1)How would you give a short and good explaination to someone who is a beginner in programming
of the following

  • short
  • long
  • typedef
  • const

Edited 2 Years Ago by rowen_1

short and long are two of the numeric data types (char, short, int, long, float and double). Only char has a guarenteed size, which is 1 byte with a range of -127 to 126. The size of all the others is compiler-dependent, so you have to look in the compiler's header file limits.h to find out what they are.

typedef just creates an alias name for something else. For example, typedef int MYINT; creates a new datatype name MYINT that's the same as int.

const just means the value of the variable or function can't be changed.

Only char has a guarenteed size, which is 1 byte with a range of -127 to 126.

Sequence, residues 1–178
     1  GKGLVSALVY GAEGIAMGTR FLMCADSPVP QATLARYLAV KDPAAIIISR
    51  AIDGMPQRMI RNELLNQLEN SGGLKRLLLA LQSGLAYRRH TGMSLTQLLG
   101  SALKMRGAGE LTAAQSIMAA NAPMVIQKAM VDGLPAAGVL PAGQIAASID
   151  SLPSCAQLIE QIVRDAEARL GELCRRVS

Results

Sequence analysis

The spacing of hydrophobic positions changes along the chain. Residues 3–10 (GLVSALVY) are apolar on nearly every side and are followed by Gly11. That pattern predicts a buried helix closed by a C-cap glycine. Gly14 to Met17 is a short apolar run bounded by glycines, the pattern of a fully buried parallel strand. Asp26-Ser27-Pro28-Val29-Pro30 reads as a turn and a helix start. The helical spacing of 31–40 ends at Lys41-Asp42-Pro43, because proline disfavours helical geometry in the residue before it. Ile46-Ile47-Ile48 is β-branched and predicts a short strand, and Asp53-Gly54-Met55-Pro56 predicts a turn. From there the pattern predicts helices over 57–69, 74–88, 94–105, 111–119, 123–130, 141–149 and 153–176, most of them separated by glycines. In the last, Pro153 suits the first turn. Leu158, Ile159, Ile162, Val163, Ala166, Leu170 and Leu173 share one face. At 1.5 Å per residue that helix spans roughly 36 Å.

Off by one. The guaranteed size is -127 to 127.

Yes, it was off, the range is -128 to 127

define SCHAR_MIN   (-128)      /* minimum signed char value */
#define SCHAR_MAX     127       /* maximum signed char value */

Edited 2 Years Ago by Ancient Dragon

Even char is not strictly defined as one byte, by my reading of the standard.

Objects declared as characters (char) shall be large enough to store any member of the implementation’s basic character set.

Could there be an implementation that uses a larger character set?

Or smaller? I know the number of bits im a byte varies quite a bit from one patform to another, but AFAIK a char is always 1 byte.

Yes, it was off, the range is -128 to 127

You're still off. The standard doesn't assume two's complement, so the minimum required range is 127 to 127. Your limits.h header will be more specific to the hardware, so it's best to get these minimum ranges right from the standard document.

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